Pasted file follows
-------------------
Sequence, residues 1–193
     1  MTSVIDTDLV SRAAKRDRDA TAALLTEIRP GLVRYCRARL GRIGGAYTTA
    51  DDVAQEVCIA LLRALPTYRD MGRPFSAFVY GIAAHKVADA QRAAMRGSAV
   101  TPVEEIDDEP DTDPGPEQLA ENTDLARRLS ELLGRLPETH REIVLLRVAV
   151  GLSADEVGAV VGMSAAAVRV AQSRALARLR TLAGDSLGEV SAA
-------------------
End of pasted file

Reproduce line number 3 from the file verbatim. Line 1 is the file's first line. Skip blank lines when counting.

    51  DDVAQEVCIA LLRALPTYRD MGRPFSAFVY GIAAHKVADA QRAAMRGSAV